In May Jessica Valenti wrote an interesting piece on the Guardian’s Comment is Free section entitled: You might not think you’re a sexist until you take a look at your bookshelf. It wasn’t having a go at people but more pointed out how our own passive bias may shape our tastes.
“So if the only culture you pay attention to is created by men, or created by white people, you are making an explicit statement about who and what is important.”
It’s an interesting point, and one I hadn’t considered in any great detail ,although I am aware of passive bias. Also, as a recent parent, I am more attune to attempts the pigeon hole girls and boys at an early age, as such the quote from American author Shannon Hale, who visited a school and the audience was all girls, as the school administration only allowed the female students out of class for her event, rang especially true:
“I talk about books and writing, reading, rejections and moving through them, how to come up with story ideas. But because I’m a woman, because some of my books have pictures of girls on the cover, because some of my books have ‘princess’ in the title, I’m stamped as ‘for girls only.’ However, the male writers who have boys on their covers speak to the entire school.”
I’ll admit this kind of thing makes my blood boil. This idea feeds into campaigns like the Let Toys be Toys campaign which targets toys that are labelled as being for ‘Boys’ or ‘Girls’.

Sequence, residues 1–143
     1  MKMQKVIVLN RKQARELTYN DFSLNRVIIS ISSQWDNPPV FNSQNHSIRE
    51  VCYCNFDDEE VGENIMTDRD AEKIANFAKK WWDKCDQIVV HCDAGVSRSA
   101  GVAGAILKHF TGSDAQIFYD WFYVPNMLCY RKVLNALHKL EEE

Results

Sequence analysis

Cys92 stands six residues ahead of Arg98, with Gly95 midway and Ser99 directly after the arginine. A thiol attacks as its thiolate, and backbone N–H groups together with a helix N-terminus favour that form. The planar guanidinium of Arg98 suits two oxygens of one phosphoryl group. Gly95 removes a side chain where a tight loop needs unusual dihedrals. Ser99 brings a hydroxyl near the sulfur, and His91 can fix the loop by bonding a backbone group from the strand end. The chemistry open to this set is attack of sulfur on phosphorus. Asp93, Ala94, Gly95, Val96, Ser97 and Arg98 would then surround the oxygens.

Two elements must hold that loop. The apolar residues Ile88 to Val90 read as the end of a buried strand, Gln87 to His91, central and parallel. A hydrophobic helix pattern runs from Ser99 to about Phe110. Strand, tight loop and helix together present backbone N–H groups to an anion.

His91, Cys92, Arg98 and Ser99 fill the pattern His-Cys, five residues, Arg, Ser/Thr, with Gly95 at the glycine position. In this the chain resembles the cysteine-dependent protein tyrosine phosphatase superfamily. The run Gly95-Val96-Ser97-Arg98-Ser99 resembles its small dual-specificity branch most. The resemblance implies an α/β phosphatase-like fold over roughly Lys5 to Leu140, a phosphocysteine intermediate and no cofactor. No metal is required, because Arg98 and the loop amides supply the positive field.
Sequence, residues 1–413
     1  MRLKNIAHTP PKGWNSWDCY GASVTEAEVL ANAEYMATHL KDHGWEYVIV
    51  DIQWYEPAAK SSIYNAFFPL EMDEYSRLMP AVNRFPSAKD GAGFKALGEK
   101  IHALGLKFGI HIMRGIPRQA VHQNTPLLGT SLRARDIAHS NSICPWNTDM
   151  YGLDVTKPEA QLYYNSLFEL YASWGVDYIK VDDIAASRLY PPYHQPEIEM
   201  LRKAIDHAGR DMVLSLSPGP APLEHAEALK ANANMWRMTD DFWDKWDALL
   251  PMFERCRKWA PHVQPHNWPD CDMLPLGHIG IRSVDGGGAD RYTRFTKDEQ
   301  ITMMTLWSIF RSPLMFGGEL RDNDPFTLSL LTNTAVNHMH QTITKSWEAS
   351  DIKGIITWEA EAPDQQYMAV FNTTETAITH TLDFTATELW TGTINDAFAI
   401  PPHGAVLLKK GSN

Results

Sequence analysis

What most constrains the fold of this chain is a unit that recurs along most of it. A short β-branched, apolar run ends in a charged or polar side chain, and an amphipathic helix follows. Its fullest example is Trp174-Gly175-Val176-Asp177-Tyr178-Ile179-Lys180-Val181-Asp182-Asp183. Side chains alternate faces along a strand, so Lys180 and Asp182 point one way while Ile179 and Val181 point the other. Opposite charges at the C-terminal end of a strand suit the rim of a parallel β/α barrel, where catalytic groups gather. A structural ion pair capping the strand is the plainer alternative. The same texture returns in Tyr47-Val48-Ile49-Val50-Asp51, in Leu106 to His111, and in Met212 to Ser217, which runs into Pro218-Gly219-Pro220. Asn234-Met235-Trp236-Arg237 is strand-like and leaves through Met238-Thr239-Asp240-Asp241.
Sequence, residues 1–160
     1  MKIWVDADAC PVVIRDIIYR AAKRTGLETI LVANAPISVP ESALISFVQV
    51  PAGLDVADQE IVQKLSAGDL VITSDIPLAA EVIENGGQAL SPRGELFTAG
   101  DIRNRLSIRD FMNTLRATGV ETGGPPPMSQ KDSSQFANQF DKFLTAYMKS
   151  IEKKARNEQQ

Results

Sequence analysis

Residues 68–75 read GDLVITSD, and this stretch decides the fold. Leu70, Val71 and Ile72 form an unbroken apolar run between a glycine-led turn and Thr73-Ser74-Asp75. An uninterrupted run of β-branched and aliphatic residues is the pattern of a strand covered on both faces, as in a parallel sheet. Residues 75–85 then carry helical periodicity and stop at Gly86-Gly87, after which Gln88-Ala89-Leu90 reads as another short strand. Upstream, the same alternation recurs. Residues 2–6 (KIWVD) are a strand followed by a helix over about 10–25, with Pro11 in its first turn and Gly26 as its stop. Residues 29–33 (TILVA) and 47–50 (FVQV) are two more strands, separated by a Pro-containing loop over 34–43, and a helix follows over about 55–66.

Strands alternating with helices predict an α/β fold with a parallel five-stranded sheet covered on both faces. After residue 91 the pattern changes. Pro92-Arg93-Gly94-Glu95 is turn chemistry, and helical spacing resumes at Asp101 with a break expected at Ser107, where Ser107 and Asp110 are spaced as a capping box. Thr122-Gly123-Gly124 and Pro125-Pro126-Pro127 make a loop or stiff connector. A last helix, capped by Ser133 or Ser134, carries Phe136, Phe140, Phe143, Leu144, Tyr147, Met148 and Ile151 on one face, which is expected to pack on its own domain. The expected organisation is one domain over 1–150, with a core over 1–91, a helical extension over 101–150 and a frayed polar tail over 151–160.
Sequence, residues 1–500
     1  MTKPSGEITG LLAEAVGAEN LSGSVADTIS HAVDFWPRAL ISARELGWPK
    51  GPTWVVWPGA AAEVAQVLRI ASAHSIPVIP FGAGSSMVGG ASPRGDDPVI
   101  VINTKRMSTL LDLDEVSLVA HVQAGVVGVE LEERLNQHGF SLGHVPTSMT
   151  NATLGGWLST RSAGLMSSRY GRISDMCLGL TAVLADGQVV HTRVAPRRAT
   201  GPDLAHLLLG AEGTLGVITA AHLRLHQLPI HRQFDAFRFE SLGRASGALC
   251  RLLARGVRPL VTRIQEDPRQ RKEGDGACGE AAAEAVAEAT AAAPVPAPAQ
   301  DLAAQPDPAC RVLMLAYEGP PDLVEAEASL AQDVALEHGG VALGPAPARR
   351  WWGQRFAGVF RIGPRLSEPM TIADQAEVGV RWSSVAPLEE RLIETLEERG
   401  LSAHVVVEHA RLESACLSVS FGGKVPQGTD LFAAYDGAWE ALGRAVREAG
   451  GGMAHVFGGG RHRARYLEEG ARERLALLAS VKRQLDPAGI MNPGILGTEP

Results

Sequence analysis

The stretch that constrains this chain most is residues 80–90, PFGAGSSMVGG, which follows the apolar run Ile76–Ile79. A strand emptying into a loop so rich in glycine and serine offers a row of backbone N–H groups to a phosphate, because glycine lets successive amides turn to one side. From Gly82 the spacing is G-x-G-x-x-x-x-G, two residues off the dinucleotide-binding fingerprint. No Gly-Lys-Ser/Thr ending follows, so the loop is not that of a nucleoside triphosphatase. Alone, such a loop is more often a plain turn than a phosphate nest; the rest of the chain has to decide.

So anyway, I decided to look at my Twitter feed, my book (well, kindle) collection, and my music collection. How did women fair.
I follow 800 accounts in Twitter as of time of writing. Of those 269 are men, 351 are women and the rest (380) are bands, organisations, or groups of some sort.
I glance at my purchases on my Kindle shows that of 260 books, the break down is 146 written by men and 114 written by women.
Over to my music collection. Just keeping it to my CD/Digital collection [which I can see via my blasted iTunes library] I have 1253 distinct artists, and the break down is: 667 Bands (197 of them all female or fronted by women); 253 men, and 333 women
Over all I think I come out of this quite well, at least as far as men and women go.
Now, there are some explanations to some of my figures. On Twitter for example. I’m a Librarian/Information professional and this is sector where there are typically more women than men, so it would make sense that if I were keeping in contact with others in my profession that the majority would be female (they are) .
With books, most of my favourite books have been written by women. I’ve never really bought into the idea that books have a gender. As a young child Enid Blyton and Susan Cooper were central in my world. As an adult, Jane Austen, Anne Tyler, and Marilynne Robinson took their place.
Musically, those who know me well would tell you I have always been a sucker for a girl with a guitar – my gigging record of the last 20 years would also back this up.
I didn’t do a proper break down on race, but my Twitter feed and my recent book collection (if not my collection taken as a whole) are predominantly white. My music collection, perhaps less surprisingly, fares better on racial diversity.
This was an interesting exercise. Fun too. How about you?